Who is?

Hi. I am a shipping company director, transport academic, author, family man and all round nice guy. I have worked as shipbroker, shipowner, freight trader and bulk charterer, in senior positions, with some of the largest and most disrespected (joke) companies in the world. Ask my advice on all things shipping and you will receive my blunt and always honest answer. Hang around to learn more about chartering and ship broker salaries, chartering and ship broker jobs, chartering and shipbroker recruitment agencies, cheap freight, maritime education, chartering and ship broker qualifications, become a ship broker, tips on how to be a successful bulk shipping executive, philosophy, Zen and the art of shipbroking, and much more. Yours The Virtual Shipbroker (recently proclaimed the guru of shipbroking) Copyright © 2009-17 by Virtualshipbroker

Sunday, June 21, 2009

Fixing Machine - Tip 9

Dont be afraid to ask questions!

For anyone who has bought my books, I am free to answer any questions whatsoever regarding shipping / Shipbroking or anything else people have on their minds.

It constantly suprises me how people seem to have a fear of asking questions. The other day I was at a local sports bar watching my favourite sporting event. There was a problem though - no volume! I hate being at a bar watching sports and not having any volume. I also knew instinctively that everyone else felt the same but for some reason no-one was doing anything about it. I also knew instinctiveky that it would be upto me to ask the barman to raise the volume. So I went to the bar and asked the question. The barman looked at me totally unaware of the problem. He apologised and 10 seconds later - whala - we had volume. And guess what - the 30 people at the bar cheered as if to say 'about time'!

The moral here is this - Dont lose opportunities because you are too scared to ask obvious questions. In shipbroking this is very important. It saves time and money.

I get things done because i ask the questions other fear (not logically) to ask.

Yours
VS

4 comments:

  1. VS/MK

    How did you fix your first ship? How did you look for potential charterer?
    Can you share a bit more on how did you build up your connection?

    MK

    ReplyDelete
  2. mk/vs

    My first ship hey

    Well it was quite a long time coming. Bad training you see. I was 23 and working for 2 years with one of the largest shipbroking shops in the world (at the time). After 2 years I still had no real clue what i was doing. One day the rest of the office was out to lunch and we received an offer for a ship. I ran with it. The next day I had my first fixture.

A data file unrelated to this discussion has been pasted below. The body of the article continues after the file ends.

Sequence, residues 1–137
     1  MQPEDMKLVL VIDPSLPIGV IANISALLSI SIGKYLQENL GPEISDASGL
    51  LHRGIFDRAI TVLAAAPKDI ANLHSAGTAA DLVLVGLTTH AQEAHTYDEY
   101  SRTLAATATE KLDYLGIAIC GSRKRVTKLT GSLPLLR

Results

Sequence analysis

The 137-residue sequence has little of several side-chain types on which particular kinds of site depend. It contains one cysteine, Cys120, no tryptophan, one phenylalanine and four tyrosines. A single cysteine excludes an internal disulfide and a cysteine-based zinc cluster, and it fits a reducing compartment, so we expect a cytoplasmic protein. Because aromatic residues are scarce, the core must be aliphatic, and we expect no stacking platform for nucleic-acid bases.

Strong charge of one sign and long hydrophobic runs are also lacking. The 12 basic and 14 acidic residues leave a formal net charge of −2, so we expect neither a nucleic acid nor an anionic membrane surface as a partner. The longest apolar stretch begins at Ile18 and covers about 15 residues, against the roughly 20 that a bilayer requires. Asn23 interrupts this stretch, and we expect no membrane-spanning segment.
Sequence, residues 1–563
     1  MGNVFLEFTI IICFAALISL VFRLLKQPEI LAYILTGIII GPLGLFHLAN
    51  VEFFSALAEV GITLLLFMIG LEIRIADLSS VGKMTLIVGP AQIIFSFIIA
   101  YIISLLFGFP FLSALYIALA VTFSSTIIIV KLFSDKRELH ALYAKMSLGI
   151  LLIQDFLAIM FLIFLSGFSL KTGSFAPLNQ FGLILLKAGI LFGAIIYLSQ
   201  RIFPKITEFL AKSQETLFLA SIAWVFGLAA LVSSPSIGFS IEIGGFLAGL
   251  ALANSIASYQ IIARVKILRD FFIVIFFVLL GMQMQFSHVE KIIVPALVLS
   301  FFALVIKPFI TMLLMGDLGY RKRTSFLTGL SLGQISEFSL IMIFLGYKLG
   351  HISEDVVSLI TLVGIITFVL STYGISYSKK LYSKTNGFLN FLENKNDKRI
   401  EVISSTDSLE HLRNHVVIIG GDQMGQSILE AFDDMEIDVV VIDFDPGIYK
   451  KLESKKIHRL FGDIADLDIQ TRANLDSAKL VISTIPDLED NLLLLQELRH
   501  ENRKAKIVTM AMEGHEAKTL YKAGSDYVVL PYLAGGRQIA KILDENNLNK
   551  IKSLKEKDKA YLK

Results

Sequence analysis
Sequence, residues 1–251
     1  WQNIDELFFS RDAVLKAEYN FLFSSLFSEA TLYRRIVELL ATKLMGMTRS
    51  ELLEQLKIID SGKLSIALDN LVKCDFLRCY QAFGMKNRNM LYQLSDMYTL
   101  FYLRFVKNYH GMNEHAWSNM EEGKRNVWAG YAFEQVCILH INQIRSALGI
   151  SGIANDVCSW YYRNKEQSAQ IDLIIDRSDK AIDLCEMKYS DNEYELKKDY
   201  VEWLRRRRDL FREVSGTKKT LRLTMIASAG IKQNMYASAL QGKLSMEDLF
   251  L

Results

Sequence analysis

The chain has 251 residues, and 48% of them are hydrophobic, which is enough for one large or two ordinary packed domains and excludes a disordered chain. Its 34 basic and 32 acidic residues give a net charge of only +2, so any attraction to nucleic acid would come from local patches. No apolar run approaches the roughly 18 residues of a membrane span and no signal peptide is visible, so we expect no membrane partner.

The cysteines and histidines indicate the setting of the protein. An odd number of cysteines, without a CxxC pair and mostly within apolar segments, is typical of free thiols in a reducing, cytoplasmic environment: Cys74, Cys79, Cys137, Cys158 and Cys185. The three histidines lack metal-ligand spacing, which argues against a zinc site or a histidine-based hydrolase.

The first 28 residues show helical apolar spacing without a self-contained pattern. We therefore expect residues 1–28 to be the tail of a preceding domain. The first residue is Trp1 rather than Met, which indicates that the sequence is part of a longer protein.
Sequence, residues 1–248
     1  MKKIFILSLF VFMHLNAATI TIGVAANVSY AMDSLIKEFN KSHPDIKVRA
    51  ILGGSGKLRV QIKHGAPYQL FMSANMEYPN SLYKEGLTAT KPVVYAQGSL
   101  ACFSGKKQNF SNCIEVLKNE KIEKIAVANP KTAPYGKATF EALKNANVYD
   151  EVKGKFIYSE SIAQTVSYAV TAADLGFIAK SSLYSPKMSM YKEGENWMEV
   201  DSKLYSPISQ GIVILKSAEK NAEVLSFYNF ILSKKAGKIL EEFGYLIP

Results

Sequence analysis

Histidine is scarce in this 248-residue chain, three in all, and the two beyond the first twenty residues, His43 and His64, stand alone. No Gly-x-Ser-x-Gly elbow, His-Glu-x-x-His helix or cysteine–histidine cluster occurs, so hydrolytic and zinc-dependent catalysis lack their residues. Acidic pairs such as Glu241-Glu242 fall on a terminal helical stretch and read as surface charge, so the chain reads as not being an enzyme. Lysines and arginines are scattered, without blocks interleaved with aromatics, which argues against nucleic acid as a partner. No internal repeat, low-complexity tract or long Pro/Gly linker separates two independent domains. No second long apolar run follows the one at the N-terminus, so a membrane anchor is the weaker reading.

The flood gates then opened and i was off..

    So many a young shipbroker must rely on the scraps left over from other more experienced shipbrokers in the same office.

    In Inside shipbroking i talk about the need for a young broker to be proactive in those first 2 years. Its vitally important that you should have one or 2 very close clients as quickly as possible.

    I hope this helps

    Yours
    VS

    ReplyDelete
  3. VS/MK

    Thanks for your reply.
    i have another question in my mind.

    What is the role of a shipbroker when there is dispute between shipowner and charterer? Such as cargo quantity dispute? Any difference for v/c and t/c? Is the shipbroker liable? Is it necessary to arrange insurance?

    MK

    ReplyDelete
  4. MK/VS

    Another good question. A good broker should always be looking to activirely avoid disputes that may arise between the two parties. During the entire process from fixing right through to the final payment of freight their are opportunities for disputes to arise.

    So an effective broker is one who always looks effectively manage this buy pushing either (or both) parties toward amicable resolutions.

    If a dispute looks inevitable the brokers role is merely that of advisor and giver of information. Litigation is NOT uncommon. Maritime lawyers are doing ok in the current climate!

    The shipbroker is merely a middle man (an agent) so unless the shipbroker has been negligent (or sim) in the course of his performance then NO the shipbroker is not liable. A shipbroker should always have insurance incase of negligence. (im not a lawyer but you get the drift!)

    Many shipbrokers sign of on all communications stating

    'abc shipbroking - as agents only'

    Hope this helps. Any more good questions i am happy to answer!

    Yours
    VS

    ReplyDelete